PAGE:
Millennial Homeowners Usher in New Era of Neighborly Etiquette


We’re not in Mayberry anymore. Gone are the days when everyone in the neighborhood knew each other and casually dropped by with a pie and local gossip. In fact, most of us don’t know more than 30% of our neighbors by name.

millennial homeowners

As Millennial homeowners slowly become the majority, the old rules of neighborly etiquette no longer work. Showing up unexpectedly at a neighbor’s doorstep, baked goods or not, is a surefire way to scare a Millennial. But that doesn’t mean folks are no longer friendly.

Always Text First

If there’s one rule that governs Millennial homeowner etiquette, it’s this. Always, always text before dropping by. That’s true if you’re trying to get to know people in your territory as well as if you’re checking in on your clients.

Cold calling and door-to-door simply won’t fly with Millennials, who are likely to pretend not to be home if a stranger appears unannounced.

Connect on Social Media

Although they might live next door to each other, Millennial neighbors are more likely to interact on Facebook, Twitter, or Instagram than face to face. In fact, there are specialized apps like Nextdoor that specifically aim to help neighbors connect online.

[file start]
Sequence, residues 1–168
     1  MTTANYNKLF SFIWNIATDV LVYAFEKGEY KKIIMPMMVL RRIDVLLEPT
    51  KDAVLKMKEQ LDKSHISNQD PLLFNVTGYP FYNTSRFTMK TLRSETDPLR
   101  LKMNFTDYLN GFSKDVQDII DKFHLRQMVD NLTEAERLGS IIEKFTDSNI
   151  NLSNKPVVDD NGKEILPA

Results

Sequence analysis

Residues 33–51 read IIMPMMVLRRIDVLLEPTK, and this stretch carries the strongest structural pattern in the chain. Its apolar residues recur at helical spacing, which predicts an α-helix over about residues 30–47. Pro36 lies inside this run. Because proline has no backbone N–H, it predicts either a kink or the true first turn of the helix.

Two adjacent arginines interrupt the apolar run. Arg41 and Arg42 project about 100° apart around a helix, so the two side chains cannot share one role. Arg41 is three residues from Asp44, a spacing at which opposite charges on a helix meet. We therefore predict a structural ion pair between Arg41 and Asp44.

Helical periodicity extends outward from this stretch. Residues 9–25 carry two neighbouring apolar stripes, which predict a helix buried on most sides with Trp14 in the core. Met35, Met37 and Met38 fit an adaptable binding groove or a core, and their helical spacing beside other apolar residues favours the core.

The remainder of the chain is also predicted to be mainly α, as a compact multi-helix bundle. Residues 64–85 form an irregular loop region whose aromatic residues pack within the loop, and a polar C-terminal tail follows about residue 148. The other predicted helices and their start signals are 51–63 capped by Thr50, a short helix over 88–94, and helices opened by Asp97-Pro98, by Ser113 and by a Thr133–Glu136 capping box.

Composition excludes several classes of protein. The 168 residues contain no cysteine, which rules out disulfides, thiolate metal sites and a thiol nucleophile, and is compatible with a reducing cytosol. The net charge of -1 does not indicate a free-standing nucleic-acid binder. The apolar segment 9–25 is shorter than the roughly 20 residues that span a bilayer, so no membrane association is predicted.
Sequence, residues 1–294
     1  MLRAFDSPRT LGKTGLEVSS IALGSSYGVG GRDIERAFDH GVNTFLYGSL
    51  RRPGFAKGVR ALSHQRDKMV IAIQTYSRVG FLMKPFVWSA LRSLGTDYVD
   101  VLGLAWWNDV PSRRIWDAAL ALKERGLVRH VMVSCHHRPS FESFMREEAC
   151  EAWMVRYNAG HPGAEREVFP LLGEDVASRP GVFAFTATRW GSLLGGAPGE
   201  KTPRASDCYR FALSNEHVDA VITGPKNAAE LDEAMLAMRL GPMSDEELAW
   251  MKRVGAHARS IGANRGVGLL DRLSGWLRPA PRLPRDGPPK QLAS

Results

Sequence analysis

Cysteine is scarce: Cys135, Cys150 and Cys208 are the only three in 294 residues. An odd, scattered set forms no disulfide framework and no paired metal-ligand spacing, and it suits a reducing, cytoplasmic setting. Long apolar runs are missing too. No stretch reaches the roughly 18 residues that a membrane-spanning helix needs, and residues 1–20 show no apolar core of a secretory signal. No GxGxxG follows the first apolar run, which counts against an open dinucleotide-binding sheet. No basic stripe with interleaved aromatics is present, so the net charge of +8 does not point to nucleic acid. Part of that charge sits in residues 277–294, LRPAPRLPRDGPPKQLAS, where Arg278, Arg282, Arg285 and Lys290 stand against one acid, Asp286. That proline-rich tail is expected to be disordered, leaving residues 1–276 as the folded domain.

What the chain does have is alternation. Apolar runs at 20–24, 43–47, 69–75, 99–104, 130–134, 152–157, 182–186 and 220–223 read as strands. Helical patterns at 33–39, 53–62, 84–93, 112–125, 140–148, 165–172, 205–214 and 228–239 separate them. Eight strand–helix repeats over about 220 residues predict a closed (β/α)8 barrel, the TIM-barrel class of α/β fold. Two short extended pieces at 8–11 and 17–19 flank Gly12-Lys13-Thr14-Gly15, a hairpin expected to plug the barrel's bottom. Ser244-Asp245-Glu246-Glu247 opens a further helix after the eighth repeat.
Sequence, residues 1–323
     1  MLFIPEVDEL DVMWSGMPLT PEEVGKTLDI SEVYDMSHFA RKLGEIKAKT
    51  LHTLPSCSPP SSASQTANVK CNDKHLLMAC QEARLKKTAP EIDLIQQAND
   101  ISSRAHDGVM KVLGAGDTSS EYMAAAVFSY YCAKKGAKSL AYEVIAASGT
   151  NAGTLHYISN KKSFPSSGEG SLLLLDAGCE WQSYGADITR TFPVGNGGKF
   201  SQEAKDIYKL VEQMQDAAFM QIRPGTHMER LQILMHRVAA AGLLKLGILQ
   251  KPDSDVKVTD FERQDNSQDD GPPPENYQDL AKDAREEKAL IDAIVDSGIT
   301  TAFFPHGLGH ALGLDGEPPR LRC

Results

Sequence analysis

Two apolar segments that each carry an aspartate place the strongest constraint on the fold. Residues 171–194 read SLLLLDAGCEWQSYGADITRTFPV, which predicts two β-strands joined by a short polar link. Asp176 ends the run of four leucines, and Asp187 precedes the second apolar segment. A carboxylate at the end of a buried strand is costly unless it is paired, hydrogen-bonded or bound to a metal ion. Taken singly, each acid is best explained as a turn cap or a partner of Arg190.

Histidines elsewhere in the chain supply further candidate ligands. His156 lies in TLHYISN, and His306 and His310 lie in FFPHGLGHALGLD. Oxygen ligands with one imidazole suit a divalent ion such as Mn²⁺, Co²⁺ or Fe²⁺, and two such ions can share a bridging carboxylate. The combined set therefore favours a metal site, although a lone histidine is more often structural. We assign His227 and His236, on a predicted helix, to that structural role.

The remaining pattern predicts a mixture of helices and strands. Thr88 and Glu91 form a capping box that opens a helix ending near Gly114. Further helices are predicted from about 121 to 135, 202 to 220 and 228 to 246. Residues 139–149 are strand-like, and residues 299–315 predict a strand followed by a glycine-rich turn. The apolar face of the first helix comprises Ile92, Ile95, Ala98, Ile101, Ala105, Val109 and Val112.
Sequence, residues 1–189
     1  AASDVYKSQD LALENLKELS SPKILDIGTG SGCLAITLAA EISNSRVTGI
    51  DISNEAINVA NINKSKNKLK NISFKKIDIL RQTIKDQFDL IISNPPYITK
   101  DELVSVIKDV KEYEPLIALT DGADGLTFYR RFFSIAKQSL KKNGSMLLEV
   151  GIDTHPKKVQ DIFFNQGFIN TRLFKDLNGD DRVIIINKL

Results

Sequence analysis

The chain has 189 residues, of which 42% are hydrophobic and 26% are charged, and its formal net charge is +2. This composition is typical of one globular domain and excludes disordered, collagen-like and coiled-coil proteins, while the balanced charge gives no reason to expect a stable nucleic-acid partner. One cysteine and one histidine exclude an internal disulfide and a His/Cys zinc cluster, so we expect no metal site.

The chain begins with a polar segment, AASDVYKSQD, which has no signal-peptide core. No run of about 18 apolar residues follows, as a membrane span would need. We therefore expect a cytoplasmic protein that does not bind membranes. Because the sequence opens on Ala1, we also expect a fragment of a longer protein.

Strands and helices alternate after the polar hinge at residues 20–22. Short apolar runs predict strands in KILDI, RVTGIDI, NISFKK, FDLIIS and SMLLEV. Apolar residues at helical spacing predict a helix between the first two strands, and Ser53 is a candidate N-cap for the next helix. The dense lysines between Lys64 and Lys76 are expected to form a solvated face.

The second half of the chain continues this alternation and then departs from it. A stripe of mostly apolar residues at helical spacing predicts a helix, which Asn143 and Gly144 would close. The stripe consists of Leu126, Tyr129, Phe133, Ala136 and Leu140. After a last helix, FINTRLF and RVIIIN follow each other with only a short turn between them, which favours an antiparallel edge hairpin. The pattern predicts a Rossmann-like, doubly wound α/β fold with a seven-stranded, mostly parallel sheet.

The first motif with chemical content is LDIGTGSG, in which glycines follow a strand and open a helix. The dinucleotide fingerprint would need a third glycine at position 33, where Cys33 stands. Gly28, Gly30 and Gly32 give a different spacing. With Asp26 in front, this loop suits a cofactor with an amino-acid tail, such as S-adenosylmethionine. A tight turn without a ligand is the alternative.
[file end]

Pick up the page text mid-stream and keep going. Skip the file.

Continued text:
Many neighborhoods also have unofficial Facebook groups to discuss things like crime, lost pets, or yard sales.

Noise Nuisance

Although loud neighbors have always been an issue, the acceptable level of noise in a Millennial-heavy neighborhood is different than you might think. Millennials are not, in fact, in their early twenties anymore. They’re mid-20s to mid-30s, and for the most part they aren’t party animals.

They’re more likely to be sensitive to early morning yard maintenance or other loud disturbances, and they’re masters of the passive-aggressive note instead of having a direct confrontation.

Skip the Baked Goods

The Millennial generation is more conscious than ever about allergens to peanuts and dairy, as well as dietary bugbears like gluten. While it was common to bring a plate of fresh-baked cookies to greet a new neighbor, that practice is falling by the wayside.

Respect Privacy Above All Else

Millennial homeowners are more private–even territorial, than previous generations. They may not want to chat with their neighbors over a shared fence. Nor do they want to get waylaid by the mailbox every afternoon.

If that’s the case, all you can do is respect their wishes. No amount of niceness or perseverance will change their minds.